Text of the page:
The Internet will increasingly become a true “entertainment” platform and there'll be more opportunities for advertising in and around online video, with larger audiences, more legitimate content, and more defined analytics.

Dr Mathew McDougall:  The impact of video on the online medium is something we read about in the news almost daily.  Video will continue to develop in both popularity and in potential for the online advertising industry next year. I personally believe that we will see a good degree of advertising innovation in this area.

David Temple: What do you see happening with mobile/wireless advertising in 2009?

Dr Mathew McDougall: Time will tell if the growth curve will kick into high gear for mobile advertising in China and I believe that mobile advertising will certainly go through some road bumps as the crucial transition to third-generation mobile telephony, or as 3G, takes shape next year when the new 3G licenses are issued in China.  It is rumored that we will see 3G licenses before Chinese New Year and if this eventuates then I expect a scramble next year to utilize this additional speed.

Mobile advertising will simply become another element used in the online digital plan for advertisers.

David Temple: What do you see happening with gaming advertising in 2009?

Dr Mathew McDougall: All very good questions and online gaming advertising (advergaming) is something I am watching. Real video game-makers are the ones that have interaction nailed down. (Advertising with online games) is a very exciting opportunity and we're quite interested in it. Online gaming communities, where PC users (usually teenagers and the 18-to-30 crowd) connect to play multi-player video games together on the Web, are extremely popular and largely untouched by marketers. SinoTech Group was commissioned early this year by Turner to produce games on the Cartoon Network and we are now selling in advertising. I see this new format becoming adopted more widely with specific Brnads.  

I think once we can get ad serving technologies to ubiquitously place ads in multiple mediums that are targeted and measured we will see a significant adoption of digital technologies and rapid increases in online ad spend.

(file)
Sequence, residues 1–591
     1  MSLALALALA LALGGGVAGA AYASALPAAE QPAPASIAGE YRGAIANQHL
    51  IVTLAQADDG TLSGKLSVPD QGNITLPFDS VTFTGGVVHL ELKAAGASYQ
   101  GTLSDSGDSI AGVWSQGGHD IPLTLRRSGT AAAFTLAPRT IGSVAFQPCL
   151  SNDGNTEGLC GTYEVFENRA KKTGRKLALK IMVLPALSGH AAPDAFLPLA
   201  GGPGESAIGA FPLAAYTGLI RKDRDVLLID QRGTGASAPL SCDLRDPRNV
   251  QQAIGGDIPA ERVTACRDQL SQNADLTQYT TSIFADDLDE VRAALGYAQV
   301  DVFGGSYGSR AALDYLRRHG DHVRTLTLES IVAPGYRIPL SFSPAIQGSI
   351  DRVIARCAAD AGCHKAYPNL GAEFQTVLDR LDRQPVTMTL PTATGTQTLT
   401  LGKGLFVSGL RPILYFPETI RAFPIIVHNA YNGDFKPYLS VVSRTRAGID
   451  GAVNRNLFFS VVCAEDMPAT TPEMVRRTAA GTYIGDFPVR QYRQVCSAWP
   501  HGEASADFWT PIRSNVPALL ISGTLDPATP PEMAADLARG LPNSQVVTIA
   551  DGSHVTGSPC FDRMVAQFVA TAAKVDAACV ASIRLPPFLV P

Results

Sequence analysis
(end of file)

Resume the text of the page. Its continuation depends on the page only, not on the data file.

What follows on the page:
David Temple: Any closing comments?

Dr Mathew McDougall:  By now you can guess that I am full of opinions and views on the Chinese advertising market. But just to summarize, I believe Media consumption will become less collective and more individual sophisticated, multiple pathways to individual consumers will develop. All media relationships will become interactive to a greater or lesser extent Consumers will increasingly determine their own use of media in a much more complete fashion, including deciding when they will accept marketing messages and when they won’t Metrics which measure ‘viewing’ rather than ‘engagement’ will disappear.

To date, most innovation has been in the form of ‘media firsts’ – finding new places to stick advertising. Until very recently there has been little progress in targeting here. I think we will see this change in 2009 and advertising targeting in Chinese advertising, such as Geo-Targeted ads, behavioral and contextual targeting will become standard.

I see the broad themes for 2009 will being:

  • Relevance
  • Interaction
  • Relationships

Thanks for your time.

August 25, 2008

SES: Global Search For B2B Search Engine Marketing

By David Temple

Global Search For B2B Search Engine Marketing

Localization was again the main theme of this session. You need to not only localize your content but also consider the search engines, local market needs ( keyword research) and metrics. All those factors need to be considered when conducting a global search engine marketing plan.

The session panel was comprised of the following;

• Jeffrey Rohrs, Vice President, Marketing, ExactTarget

• Patricia Hursh, President, SmartSearch Marketing
• Kevin Lee, Executive Chairman & Co-founder, Didit
• Jeffrey Pruitt, President, SEMPO and Vice president, corporate sponsorships, iCrossing

Patricia Hursh started the session on how to get started in global B2B search.

• Which search engines to focus on
   o In China Baidu dominates
   o In Japan Yahoo is the leader (based on an earlier session,n Google is gaining ground)
   o Don’t rely on charts as each search engine has different users

• How important is translation?
   o Search engine requirements
    Target audience (demographics)
   o Local dialect, cultural tendencies, current events, etc.
   o Work with native speaker (use a local voice)

• Regional search trends
   o Google Mexico SERPS show 80% ads in Spanish, and only 20% in English
   o Yahoo Mexico SERPS, 100% of the ads are in Spanish

• Ease of PPC campaign set-up
   o Yahoo